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College of Forest Resources and Environmental Science; Department of Social Sciences


A survey of 396 undergraduate and graduate students from 51 countries on 5 continents currently enrolled in Forestry or Related Natural Resource (FRNR) degree programmes was conducted of attendees to the International Union of Forest Research Organizations' (IUFRO) conference in Salt Lake City, Utah, 2014. These perspectives come from some of the most active students in their respective fields. We explored the motivating reasons for enrolling in their current FRNR programme, and conversely why they may have been hesitant to do so. Results indicate that enjoyment of nature was the most important factor on average driving the decision to enroll, closely followed by job satisfaction, concern for the environment, enjoyment of outdoor recreation, being outdoors, and an interest in subject material. Hesitancy factors included earning potential, availability of funding/scholarships, and politically contentious issues. A number of significant differences were found across demographic categories. Of particular note was the greater hesitancy on the part of women and people of color to enroll in FRNR degree programmes compared to their white male counterparts. We discuss the limitations of our study arising from its international scope and imbalance of responses among countries and regions. HIGHLIGHTS Forestry and Related Natural Resources (FRNR) students from 51 countries report that enjoyment of nature was the most important factor driving their decision to enroll. Decision factors that caused hesitation included earning potential, availability of funding, and political issues. Importance factors differed significantly between genders, race/ethnicity, academic standing, world region, and social background (i.e. urban vs rural). Women and people of color from multiple world regions had a greater hesitancy to enroll in an FRNR programme than their white male counterparts. Implications for recruitment and retention include the need for continual diversity and inclusion efforts and a balance between personal preferences and employability.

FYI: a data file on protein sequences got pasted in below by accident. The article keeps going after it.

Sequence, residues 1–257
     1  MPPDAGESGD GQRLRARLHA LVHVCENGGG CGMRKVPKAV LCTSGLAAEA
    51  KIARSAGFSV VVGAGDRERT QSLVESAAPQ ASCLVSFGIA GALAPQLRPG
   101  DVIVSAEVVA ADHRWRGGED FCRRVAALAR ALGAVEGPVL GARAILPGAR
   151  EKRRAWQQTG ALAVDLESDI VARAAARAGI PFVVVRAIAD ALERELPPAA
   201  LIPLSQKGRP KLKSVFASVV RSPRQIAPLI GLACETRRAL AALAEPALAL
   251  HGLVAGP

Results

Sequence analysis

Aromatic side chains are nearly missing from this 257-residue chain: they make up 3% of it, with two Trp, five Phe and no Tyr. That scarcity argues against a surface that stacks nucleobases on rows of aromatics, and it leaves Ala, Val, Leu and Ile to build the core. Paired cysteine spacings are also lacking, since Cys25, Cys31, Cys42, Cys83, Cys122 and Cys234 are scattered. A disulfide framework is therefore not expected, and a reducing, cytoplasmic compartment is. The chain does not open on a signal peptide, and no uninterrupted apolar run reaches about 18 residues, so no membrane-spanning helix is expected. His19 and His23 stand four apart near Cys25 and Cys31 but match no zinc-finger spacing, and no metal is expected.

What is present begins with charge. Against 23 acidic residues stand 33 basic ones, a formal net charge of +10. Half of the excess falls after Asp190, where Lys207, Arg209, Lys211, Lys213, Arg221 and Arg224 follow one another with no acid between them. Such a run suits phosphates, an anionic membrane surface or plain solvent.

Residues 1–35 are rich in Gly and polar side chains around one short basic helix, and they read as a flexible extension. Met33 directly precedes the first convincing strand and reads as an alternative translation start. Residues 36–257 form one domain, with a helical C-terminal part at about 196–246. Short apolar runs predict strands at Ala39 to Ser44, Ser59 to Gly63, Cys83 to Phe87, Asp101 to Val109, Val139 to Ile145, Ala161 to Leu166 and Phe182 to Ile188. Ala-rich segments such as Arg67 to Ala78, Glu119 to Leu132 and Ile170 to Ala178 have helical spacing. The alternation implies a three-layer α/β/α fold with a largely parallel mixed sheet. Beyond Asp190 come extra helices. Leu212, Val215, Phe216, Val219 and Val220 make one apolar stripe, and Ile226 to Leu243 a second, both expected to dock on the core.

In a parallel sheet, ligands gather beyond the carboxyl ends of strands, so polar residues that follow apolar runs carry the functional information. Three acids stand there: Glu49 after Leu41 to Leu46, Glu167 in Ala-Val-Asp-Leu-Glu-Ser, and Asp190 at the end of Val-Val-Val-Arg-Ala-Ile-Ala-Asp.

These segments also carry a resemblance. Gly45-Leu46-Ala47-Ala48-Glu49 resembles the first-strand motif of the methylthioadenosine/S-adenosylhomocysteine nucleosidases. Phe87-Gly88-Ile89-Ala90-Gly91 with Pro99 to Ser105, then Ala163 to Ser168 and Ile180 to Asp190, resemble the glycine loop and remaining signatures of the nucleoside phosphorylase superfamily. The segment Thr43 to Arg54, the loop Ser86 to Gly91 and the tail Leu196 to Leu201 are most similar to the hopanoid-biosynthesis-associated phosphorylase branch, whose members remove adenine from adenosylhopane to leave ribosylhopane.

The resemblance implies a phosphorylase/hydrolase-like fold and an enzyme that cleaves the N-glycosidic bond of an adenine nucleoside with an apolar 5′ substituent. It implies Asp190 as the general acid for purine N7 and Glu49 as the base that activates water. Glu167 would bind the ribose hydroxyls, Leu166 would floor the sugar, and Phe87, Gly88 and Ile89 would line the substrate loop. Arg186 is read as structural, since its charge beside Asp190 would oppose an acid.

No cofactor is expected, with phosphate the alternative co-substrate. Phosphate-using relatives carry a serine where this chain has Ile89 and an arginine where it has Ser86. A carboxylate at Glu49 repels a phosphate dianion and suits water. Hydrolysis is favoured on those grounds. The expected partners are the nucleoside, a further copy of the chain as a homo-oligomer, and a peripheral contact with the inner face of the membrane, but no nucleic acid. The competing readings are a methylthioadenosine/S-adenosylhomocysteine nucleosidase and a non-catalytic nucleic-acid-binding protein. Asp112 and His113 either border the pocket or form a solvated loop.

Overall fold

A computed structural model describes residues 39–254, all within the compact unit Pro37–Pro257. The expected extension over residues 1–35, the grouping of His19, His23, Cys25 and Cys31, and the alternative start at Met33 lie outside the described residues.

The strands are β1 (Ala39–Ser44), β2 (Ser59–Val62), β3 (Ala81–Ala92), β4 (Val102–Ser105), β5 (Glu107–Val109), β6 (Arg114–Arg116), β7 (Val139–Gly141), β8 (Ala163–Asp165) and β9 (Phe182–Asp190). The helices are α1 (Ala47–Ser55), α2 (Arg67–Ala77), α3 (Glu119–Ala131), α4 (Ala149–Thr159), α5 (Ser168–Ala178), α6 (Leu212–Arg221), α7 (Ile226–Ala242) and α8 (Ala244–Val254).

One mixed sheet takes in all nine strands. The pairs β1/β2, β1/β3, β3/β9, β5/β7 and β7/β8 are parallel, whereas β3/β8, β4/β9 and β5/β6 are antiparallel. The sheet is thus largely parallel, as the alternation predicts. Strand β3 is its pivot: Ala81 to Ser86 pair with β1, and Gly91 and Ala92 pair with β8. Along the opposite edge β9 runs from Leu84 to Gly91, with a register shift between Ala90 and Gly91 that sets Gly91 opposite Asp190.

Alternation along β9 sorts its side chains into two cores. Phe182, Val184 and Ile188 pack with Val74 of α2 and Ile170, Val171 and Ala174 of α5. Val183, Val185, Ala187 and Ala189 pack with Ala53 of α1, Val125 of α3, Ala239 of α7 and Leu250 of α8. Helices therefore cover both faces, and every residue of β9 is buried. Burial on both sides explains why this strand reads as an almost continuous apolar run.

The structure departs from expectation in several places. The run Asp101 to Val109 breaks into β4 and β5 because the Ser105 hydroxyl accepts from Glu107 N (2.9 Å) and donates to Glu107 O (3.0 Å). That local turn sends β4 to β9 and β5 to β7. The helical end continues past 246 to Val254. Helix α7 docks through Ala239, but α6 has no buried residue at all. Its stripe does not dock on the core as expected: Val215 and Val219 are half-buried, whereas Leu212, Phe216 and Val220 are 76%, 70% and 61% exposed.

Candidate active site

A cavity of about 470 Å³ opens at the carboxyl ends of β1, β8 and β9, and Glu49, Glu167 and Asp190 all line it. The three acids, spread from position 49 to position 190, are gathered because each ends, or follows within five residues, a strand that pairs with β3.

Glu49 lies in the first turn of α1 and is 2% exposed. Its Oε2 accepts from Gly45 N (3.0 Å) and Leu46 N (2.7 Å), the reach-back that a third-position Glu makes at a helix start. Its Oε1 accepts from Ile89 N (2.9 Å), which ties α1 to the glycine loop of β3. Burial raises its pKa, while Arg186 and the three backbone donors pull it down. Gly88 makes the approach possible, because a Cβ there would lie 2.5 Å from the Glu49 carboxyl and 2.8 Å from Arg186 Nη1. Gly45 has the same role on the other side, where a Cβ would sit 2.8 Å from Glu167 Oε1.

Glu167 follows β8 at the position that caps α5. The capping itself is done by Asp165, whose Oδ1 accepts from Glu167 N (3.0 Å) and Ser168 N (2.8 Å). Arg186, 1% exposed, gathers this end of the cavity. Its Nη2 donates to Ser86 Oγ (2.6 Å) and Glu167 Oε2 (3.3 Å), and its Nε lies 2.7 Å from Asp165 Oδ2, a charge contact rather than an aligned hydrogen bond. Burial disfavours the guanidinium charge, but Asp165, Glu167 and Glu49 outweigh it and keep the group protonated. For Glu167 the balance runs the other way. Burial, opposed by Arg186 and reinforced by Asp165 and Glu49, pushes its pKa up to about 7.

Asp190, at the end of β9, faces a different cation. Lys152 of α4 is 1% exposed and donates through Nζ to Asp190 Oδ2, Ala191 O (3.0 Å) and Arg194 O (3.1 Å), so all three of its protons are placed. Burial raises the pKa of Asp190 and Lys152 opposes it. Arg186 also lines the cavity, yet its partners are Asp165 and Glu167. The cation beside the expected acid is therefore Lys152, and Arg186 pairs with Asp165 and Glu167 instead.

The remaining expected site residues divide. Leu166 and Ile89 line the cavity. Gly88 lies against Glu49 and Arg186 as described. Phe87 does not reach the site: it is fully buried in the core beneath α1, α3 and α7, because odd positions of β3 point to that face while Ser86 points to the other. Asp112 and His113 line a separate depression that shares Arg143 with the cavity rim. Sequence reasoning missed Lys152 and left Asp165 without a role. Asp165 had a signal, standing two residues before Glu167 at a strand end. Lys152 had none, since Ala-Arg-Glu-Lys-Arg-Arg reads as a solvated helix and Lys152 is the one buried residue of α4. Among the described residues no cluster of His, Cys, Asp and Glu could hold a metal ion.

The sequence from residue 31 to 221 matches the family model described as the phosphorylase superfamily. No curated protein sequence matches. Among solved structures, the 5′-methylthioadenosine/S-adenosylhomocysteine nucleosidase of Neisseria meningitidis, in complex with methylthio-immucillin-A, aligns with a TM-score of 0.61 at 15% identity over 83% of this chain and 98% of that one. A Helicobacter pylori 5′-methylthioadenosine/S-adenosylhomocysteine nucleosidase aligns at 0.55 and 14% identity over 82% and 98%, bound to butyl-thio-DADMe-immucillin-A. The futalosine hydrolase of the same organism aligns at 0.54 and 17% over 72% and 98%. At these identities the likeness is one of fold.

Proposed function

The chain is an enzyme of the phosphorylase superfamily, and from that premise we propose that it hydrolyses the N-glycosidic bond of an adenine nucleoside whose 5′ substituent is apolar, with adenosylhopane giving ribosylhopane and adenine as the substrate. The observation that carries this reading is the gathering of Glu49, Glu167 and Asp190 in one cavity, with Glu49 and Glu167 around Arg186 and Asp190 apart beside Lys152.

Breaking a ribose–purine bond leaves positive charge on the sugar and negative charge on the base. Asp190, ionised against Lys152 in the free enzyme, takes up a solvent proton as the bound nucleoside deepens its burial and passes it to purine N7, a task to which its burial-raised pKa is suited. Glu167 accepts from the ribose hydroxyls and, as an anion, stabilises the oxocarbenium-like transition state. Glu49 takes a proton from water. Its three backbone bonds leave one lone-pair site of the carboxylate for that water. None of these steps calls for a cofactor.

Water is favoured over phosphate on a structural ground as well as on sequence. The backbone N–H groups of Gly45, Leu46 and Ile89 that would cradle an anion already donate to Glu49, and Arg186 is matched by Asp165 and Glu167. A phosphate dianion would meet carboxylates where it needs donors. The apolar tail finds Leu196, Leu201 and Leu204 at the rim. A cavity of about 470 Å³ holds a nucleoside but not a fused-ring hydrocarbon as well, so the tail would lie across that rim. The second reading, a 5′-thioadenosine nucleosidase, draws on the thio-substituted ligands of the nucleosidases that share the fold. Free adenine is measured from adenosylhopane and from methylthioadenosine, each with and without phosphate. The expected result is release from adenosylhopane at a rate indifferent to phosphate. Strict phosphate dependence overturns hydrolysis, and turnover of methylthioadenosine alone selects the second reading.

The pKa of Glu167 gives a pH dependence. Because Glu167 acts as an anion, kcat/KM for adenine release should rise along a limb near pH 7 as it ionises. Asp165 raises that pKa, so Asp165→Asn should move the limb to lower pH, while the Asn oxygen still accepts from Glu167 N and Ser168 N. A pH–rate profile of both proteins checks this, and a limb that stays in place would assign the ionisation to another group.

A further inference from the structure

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© 2020 Commonwealth Forestry Association. All rights reserved. Publisher’s version of record:

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International Forestry Review

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Creative Commons Attribution 4.0 International License
This work is licensed under a Creative Commons Attribution 4.0 International License.


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